Blank Slate Creamery
Super natural ice cream
by M.B. Lewis
From the July, 2015 issue
Blank Slate Creamery marks its first anniversary in early July with reasons to celebrate--like frequent lines out the door for little scoops of its distinctive deep-freeze creations. Could this spell the end of turnover at the northwest corner of W. Liberty and First, whose parade of enterprises has included hydroponic suppliers, Obama campaign HQ, furniture dealers, and the vehicle pileup staged for the 2009 movie Youth in Revolt?
These days, the spiffed-up cottage-like storefront is staffed by friendly young scooper-servers with feed store-style pink-logo caps. There's a fresh-baked aroma of almond-flavored waffle cones, free with your ice cream. A good thing about crowded nights, when the server manning the waffle press is struggling to keep up, is that your super-creamy salty caramel or cherry vanilla may be melting at its edges into the still-warm cone. Simply luscious. The only thing better would be a stellar house-made meringue-like brownie still gooey inside, separated from rich hot fudge sauce and whipped cream by three scoops of whatever flavors of ice cream seem least resistible at the moment. Oh, yeah, they have that too.
There's no place at Blank Slate for Superman's scary red, blue, and yellow ice cream. Blank Slate's natural ingredients (local when possible) exclude additives like food dyes. Only a couple of strong colors appear in the twenty-some tubs: the midnight brown of a rich bittersweet chocolate and the nearly neon fuchsia for the fruit-packing, lip-smacking raspberry sorbet.
The rest of the standard lineup is a color study in the spectrum of beige, from its most tan (scrumptious coffee cream studded with tiny grounds of Mighty Good dark roast) to barely green (mint, with garden-picked leaves). In the center of the beige universe are two vanillas: Tahitian with rum undertones or Madagascar with a bourbon edge. You really can taste the difference between them.
The spirit of innovation here is expressed in changing flavors like roasted banana, avocado-lime, maple-syrupy "blueberry pancake," and butternut squash in the fall. As if fresh
basil ice cream weren't already botanical bliss, ask for a drizzle of lemony olive oil, which helps the basil flavor gently ripen. Pair it with a scoop of subtle balsamic strawberry, and you have a sweet salad of tastes. Wolverine Tracks, whose name resonates locally, uses chopped-up high-end Justin's organic peanut butter cups.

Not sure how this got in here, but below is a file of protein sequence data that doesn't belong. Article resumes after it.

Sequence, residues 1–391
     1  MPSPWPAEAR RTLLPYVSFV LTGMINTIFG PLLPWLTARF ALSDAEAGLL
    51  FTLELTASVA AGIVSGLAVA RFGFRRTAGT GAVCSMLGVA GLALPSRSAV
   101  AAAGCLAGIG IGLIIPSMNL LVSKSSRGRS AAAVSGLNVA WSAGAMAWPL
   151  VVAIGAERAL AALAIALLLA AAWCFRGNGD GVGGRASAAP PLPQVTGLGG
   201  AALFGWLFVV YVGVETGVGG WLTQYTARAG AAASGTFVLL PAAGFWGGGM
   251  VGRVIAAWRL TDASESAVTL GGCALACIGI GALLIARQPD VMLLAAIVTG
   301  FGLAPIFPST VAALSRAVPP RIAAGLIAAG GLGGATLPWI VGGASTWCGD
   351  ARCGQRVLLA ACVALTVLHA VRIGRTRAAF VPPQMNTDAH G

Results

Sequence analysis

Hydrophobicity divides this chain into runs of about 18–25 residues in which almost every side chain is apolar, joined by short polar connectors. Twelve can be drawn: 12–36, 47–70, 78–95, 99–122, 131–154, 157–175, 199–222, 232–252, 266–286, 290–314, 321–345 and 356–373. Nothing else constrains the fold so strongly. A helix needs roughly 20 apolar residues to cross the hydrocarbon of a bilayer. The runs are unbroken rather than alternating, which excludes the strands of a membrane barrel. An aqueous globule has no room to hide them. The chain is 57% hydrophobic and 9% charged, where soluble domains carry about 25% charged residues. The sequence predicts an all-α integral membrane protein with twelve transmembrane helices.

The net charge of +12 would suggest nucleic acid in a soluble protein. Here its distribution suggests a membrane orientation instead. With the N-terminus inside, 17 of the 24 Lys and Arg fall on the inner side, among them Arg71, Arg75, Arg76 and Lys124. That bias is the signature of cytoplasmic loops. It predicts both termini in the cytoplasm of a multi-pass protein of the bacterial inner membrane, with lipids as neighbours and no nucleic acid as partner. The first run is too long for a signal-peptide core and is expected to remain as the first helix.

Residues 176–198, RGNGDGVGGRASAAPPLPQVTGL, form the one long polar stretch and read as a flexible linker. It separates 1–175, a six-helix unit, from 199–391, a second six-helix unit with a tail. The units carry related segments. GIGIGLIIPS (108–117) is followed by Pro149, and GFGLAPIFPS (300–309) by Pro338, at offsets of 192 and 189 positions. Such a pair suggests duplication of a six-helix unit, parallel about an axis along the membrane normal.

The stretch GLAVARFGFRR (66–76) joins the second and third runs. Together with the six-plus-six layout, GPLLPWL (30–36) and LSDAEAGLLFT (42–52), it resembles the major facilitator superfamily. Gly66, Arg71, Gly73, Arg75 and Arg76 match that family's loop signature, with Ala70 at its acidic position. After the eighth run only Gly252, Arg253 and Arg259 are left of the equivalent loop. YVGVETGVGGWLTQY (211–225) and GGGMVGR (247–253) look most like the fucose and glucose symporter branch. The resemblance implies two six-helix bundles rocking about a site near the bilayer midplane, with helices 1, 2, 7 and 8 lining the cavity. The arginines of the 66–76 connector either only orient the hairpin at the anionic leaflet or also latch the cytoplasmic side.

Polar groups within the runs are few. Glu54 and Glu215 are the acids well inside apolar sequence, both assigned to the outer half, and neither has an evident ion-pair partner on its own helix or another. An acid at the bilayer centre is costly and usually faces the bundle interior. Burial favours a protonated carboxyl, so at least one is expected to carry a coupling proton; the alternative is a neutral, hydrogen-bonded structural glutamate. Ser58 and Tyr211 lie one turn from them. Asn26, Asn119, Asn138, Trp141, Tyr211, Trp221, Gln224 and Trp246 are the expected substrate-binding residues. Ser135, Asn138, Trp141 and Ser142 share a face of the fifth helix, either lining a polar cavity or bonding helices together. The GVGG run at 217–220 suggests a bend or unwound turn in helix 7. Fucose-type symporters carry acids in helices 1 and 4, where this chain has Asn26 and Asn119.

Hormone-free Guernsey Farms milk and cream (from Northville) join cane sugar as the main ingredients in the Blank Slate ice cream base. Eggs as a natural thickener mean all batches go through a pasteurizer, except the vegan sorbets. I'm no food scientist, but after a half-dozen visits I noticed that every flavor of Blank Slate ice cream that I sampled went down smoothly and settled well. I think the natural ingredients play a part.
A couple areas for potential improvement include the hard little chocolate chips in mint and other flavors that still seem waxy and short on taste. And some of the pretzel pieces went mushy in the chocolate-covered pretzel with caramel swirl.
Blank Slate is the creation of Dexterite Janice Sigler, who runs it with help from her friends and family--including her young adult kids. As such, it stands as a sweet success story that every person of a certain age can flaunt in the face of doubters. She ditched a desk job and built a livelihood around pure love for good ice cream and local food. May the force be with her.
Blank Slate Creamery
300 W. Liberty
Cones, cups, and sundaes $3.25-$7.
Mon.-Thurs. 3 p.m.-10 p.m., Fri. 3 p.m.-11 p.m., Sat. noon-11 p.m., Sun. noon-10 p.m.
[Originally published in July, 2015.]
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